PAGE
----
Inaccurate description of the genocide in Gaza

"You reduce Palestinians to a number. Just giving the number of Gazans killed does not begin to give the reader a picture of how “Israel’s actions” have turned Gaza into a living hell."

January 3, 2024


Joseph Tunney, Reporter, CBC Ottawa.

Brodie Fenlon, News Editor-in-Chief, CBC News.

Dear Mr Tunney and Mr Fenlon.

I am writing on behalf of Canadians for Justice and Peace in the Middle East (, Saskatoon Chapter about “More noise fines for pro-Palestinian demonstrators” posted on CBC News Ottawa, January 3, 2024.

Your report appropriately includes representative voices both from the city and from the protesters. It also indicates dialogue was taking place between the two, helping to put the demonstrations in a more positive light. I was pleased to see you gave a voice to Sarah Abdul-Karim, pointing out her organization and others have regularly drawn “huge crowds”, and that you gave MPP Joel Harden and Councillor Troster the last words.

While you do not clearly give the reason this particular protest took place, you refer to "a similar march against Israel’s actions in the latest war with Hamas and presence in the Palestinian territories”

“Presence in the Palestinian territories” is easily the most euphemistic expression I have seen used for a 56 year-old brutal military occupation and the illegal (under international law and stated as such on the government of Canada website) Israeli colonial settlements in the West Bank, some of whose inhabitants are ethnically cleansing the rural areas under cover of the assault on Gaza. I trust in future reports you will not try to obfuscate the truth.

Ms Abdul-Karim laments: “the focus is all on the tickets” when it should be on “people suffering and dying back home”. Your report bears this out:

You reduce Palestinians to a number. Just giving the number of Gazans killed does not begin to give the reader a picture of how “Israel’s actions” have turned Gaza into a living hell.

Seventy percent of the 22,000 dead and 53,000 wounded are women and children. The few hospitals that can still function are overwhelmed and can only provide minimal care. No pain relief: amputations are done on the floor without anaesthetic. MSF refers to “extreme suffering” of ­children, with even 5 year-olds saying they don’t want to live. Most of the population is now displaced, thanks to unending orders to evacuate yet again to so-called safe zones which are then bombed. It’s cold and wet. At least 60% of homes are destroyed, buildings and tents where people are sheltering keep being targeted. Distribution of aid is hindered by constant bombing and shelling. More than half (1.3M) of the population is starving. Not merely hungry. Lack of drinking water, sanitation and medical care are killing Gazans not killed by the airstrikes.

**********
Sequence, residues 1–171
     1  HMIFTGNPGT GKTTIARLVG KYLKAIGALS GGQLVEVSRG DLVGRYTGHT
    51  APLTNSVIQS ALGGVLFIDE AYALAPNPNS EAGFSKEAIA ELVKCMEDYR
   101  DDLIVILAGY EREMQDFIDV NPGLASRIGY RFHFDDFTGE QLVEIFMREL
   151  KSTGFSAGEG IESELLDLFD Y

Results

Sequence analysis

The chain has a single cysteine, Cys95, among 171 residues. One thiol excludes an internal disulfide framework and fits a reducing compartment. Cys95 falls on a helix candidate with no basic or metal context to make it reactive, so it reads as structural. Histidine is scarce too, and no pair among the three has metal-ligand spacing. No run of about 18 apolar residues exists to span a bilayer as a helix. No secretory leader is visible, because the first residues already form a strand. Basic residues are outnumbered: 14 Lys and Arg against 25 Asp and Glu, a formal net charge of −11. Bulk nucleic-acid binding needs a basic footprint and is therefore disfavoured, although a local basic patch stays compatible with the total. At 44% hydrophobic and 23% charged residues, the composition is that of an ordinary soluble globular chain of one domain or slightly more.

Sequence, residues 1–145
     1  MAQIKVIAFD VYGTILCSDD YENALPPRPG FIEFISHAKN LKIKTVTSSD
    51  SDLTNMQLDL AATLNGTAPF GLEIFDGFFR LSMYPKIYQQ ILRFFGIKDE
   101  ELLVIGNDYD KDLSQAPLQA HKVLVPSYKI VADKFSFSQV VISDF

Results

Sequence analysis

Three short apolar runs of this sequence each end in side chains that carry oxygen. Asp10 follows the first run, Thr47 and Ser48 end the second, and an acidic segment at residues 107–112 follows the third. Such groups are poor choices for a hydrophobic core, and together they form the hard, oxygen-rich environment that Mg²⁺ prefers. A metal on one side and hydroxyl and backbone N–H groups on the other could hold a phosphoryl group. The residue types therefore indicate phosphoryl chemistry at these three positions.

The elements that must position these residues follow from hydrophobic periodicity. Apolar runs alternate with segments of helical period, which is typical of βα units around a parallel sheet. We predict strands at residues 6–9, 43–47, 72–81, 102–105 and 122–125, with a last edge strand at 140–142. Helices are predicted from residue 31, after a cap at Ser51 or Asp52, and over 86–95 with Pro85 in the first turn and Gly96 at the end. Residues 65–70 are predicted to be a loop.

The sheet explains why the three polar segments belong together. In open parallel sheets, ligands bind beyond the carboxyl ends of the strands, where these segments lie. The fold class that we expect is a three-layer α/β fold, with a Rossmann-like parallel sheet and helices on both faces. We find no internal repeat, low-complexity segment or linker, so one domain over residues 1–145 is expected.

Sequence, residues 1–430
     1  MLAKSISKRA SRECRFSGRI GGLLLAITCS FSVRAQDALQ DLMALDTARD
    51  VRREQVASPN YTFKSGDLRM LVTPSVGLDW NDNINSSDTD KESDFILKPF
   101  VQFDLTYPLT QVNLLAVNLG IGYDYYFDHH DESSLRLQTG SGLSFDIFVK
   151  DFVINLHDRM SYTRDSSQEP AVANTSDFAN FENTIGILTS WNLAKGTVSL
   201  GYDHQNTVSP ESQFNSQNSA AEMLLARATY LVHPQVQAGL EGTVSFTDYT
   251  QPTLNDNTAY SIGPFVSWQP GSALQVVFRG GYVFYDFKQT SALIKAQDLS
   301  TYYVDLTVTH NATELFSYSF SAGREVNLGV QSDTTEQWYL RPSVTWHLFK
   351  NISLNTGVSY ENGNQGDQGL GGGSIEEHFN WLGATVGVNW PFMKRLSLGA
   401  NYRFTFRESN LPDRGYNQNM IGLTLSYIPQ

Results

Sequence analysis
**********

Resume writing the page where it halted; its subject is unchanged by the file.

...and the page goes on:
Leading human rights organizations describe the situation as genocide. Israeli officials openly advocate for the “thinning” (by killing) of the population and for the expulsion of Palestinians out of Gaza.[1] More than half (1.3M)of the population is actually starving and Israel is violating international law by denying adequate humanitarian access. (UNSC resolution 2417.)

Gaza’s journalists are risking their lives by documenting the carnage and destruction. They show the hellish scenes from hospitals where bodies pile up and staff is unable to relieve the suffering of the injured. They show the streets with their overflowing sewers, rubble and decomposing body parts; the graveyards with newly-buried bodies bulldozed. More than 100 journalists have been targeted and killed.

All this is easily verifiable and you fail in your journalistic responsibilities by not providing at least some of these facts.

Instead, you write about tickets.

Collective action, such as the street protests, created enough pressure for Canada to finally oppose the U.S. and call for a ceasefire. Readers (and journalists) need to understand why people are protesting. By failing to give contextual information, you mislead readers into only viewing the demonstrations as disruptions for which participants are fined.[2]

Ms Abdul-Karim identified our “government’s inaction” as another issue. Again, you did not provide any background for the reader. While Canada finally called for a ceasefire, it has not enforced an embargo on arms trade with Israel, as it did during the first Intifada, and continues to vote against Palestinian rights at the UN General Assembly. Canadian- made weapons or their components are potentially killing Palestinians.

It is Canada’s obligation under international law to prevent genocide. With the situation in Gaza only getting  worse, it is essential to describe it accurately, so readers understand that these protest actions are needed more than ever.

Renée Nunan-Rappard